I love knitting, so the opportunity to visit Dovecot Studios in Edinburgh for ‘Knitwear: Westwood to Chanel’ was something not to be missed. (Devon might be home, but having been to university in Edinburgh, it’s still a place close to my heart.)
Originally on display at the Fashion and Textile Museum in 2014-15, it is great to see it tour to Scotland, and the Dovecot felt like the perfect place to see it.
By displaying the pieces, from the collection of Mark and Cleo Butterfield – including Cleo’s first handknit, in a chronological order – not only did we see knitwear technology change, but also a brief history of fashion.
It was brilliant to see and read about patterns that we recognise today that have a foundation in knitting – the chevron stripe of the sweater used by Chanel in the 1920’s being one example.
1920s Jumper: wool
This jumper is knitted in a vibrant chevron pattern, a popular traditional design used by Chanel and Jeanne Paquin in their 1920s knitwear collections
Handknit Pullover, 1940s, Wool.
The scraps of wool used in the horizontal stripes of this pullover are unified into an integrated design with a scarlet grid pattern
Handknit Cardigan, 1940s, Wool.
The knitter of this garment has used over 16 colours in rows of paired colour combinations to create an exciting, visually complex pattern. Plain inserts have been added in the side seams and on the inside of the arms, making it bigger for its growing owner. It is shown with a 1930s floral print dress.
As I was walking through the exhibition I was struck by these two pieces, from the 1940’s. The clever use of the honeycomb pattern in the red sweater to allow scraps of yarn to be used up, and the cardigan that has been unseamed and re-knitted as the wearer grew. It was telling Louise about these ideas that led to the conversations with Emma Vining for our ‘Behind the Shawl Pattern‘ online workshop that is starting in January – knitting a shawl from 4 ply yarn that a lot of people have in their stash.
Rayon Shawl 1910’s
‘Flame Knit Pattern’
The Fair Isle
Men’s blue and white stripe bathing suit Meridian ‘Viking’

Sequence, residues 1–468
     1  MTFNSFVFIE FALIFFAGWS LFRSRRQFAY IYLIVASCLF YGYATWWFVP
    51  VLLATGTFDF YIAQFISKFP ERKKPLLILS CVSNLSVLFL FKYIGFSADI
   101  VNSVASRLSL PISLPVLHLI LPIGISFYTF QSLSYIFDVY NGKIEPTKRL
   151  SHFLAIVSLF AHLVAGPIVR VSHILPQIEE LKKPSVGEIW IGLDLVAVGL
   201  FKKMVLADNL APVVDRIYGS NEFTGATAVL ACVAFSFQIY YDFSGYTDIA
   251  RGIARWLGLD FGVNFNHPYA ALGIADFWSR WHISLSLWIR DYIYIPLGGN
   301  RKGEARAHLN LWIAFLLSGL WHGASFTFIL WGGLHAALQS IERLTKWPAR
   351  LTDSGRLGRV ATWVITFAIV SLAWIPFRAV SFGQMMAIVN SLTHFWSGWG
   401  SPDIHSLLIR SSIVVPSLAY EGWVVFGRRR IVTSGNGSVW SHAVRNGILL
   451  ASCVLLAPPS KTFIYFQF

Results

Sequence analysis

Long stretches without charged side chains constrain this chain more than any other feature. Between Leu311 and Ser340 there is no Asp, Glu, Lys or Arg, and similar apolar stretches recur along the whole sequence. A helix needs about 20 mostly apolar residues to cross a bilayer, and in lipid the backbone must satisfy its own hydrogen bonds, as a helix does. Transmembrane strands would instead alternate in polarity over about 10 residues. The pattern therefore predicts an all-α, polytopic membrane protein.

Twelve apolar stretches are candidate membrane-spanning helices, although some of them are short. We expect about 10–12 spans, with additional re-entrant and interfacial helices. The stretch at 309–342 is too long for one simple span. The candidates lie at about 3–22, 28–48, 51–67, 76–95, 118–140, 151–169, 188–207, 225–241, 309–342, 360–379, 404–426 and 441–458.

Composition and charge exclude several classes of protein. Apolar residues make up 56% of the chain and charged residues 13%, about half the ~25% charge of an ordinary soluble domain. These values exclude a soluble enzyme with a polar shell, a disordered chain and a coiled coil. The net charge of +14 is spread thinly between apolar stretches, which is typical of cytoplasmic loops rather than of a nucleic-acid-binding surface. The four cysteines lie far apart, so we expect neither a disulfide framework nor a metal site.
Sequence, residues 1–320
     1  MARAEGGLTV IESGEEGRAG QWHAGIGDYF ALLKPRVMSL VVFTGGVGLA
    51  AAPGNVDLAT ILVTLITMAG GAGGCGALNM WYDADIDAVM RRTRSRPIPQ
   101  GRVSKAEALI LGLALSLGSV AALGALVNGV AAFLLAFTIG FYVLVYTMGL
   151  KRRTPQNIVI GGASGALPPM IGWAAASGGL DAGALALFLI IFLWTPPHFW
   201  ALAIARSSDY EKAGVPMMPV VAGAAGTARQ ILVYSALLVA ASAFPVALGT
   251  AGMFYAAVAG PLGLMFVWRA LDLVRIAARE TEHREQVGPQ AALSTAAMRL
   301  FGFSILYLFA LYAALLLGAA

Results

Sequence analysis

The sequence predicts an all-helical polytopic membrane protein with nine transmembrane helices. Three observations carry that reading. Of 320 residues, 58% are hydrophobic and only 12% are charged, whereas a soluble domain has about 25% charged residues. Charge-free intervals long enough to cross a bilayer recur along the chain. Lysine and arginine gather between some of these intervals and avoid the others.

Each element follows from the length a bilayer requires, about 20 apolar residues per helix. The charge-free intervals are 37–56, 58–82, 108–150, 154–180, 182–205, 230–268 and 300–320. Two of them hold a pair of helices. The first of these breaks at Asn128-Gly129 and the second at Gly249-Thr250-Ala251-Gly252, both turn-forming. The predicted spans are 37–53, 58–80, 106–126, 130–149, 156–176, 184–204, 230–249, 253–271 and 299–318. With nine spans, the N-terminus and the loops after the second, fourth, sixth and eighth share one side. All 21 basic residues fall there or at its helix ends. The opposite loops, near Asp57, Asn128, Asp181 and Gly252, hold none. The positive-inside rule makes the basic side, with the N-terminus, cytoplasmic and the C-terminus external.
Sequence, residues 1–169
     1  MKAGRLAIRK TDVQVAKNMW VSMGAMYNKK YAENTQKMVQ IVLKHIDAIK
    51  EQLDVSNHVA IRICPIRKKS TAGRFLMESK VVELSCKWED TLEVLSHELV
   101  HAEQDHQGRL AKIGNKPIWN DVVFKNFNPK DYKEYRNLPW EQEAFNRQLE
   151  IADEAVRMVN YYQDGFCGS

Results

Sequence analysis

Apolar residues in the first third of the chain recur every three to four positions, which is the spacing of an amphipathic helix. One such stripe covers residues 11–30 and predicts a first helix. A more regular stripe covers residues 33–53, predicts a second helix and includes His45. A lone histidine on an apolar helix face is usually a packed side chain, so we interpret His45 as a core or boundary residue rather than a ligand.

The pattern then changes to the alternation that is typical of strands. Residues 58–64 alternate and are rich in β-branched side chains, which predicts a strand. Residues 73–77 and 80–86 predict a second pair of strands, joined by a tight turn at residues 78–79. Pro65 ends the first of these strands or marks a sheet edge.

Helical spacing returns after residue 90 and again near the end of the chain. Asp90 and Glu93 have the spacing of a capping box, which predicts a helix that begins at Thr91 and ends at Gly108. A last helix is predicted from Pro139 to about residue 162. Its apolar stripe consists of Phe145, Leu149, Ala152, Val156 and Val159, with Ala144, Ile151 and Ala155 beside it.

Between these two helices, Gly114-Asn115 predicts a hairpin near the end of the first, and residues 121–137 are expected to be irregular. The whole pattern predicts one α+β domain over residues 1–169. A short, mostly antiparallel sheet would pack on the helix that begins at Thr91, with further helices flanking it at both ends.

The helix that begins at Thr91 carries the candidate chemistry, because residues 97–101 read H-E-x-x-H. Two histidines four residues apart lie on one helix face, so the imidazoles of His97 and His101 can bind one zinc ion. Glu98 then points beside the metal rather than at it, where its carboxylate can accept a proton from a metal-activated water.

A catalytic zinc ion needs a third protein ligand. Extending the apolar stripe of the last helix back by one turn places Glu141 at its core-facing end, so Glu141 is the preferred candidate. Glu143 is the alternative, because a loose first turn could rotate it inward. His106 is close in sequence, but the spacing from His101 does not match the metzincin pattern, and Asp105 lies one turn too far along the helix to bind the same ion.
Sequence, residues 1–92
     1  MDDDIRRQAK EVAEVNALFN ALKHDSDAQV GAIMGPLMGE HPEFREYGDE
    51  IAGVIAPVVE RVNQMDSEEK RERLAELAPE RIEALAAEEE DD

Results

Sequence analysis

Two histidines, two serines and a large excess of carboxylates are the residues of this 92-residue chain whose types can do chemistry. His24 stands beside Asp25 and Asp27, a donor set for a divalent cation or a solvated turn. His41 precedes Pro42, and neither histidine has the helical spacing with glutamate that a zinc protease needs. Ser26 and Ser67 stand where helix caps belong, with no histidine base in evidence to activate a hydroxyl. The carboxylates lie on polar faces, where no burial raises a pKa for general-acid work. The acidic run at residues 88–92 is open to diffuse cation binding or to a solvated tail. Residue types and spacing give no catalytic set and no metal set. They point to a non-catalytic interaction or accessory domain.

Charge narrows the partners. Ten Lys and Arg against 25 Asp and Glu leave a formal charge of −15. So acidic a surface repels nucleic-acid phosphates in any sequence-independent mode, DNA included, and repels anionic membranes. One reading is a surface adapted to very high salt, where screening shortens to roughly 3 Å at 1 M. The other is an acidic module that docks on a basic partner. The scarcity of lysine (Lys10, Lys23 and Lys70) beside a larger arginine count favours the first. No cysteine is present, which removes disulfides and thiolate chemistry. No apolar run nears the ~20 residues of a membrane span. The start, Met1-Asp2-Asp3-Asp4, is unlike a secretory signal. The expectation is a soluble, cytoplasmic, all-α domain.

1920s Wool jersey
Bathing suit in amber, maroon and aqua intarsia Art Deco pattern
late 1930s Wool
Bathing suit in green and black Art Deco step pattern
The detail of this rayon knitted shawl was the one piece that I wanted to feel the drape of in my hand. It looked so silky and soft – and again that great chevron pattern that we now associate with Missoni designs. The Fair Isle display was the one that was wonderful to see – so much hand knitting and steeking in one place – I do have to venture further north in the future to explore this technique further. I was also that person at the exhibition to explain the OXO pattern to someone who’d never seen it. The swimwear looked perfect on the models – however, I’m always intrigued as to what it would look like wet! Although reading Esther Rutter ‘This Golden Fleece’ gave a good insight into a knitted bikini – I’m just not sure I’m brave enough, even in sunny Devon!
Comme des Garçons (Japan) circa 1983
Like many early Comme des Garçons pieces, this pullover is oversized and non-gender specific. Rei Kawakubo, founder of Comme des Garçons, explores the visual tensions of positive and negative spaces within her knit designs.
This pullover really drew my attention, its description of positive and negative spaces struck home about some weaving that I’ve been drafting and playing with since the summer , but looking at this knitting really made me think about how woven layers could be interlaced and negative spaces created.
Waistcoat circa 1900-1920 Wool
This knitted waistcoat of the Edwardian era combines the warmth of knitted wool with knitting’s decorative features.
This one was one that really made me do a proper ‘loom shed peer’* – and really think about which knit stitch it was – I’m not sure if it’s just me, but I all I can see is Tunisian crochet! Any answers from knitters out there?
It is a great exhibition to visit and there are lots of pieces that I haven’t included here that are definitely worth seeing if you are going to be in Edinburgh before the 11th March. Let us know what you think.
*’the loom shed peer’ is a tendency for both of us to get as close as possible to a textile exhibit to try and work out how it’s made. We have set off security alarms doing so!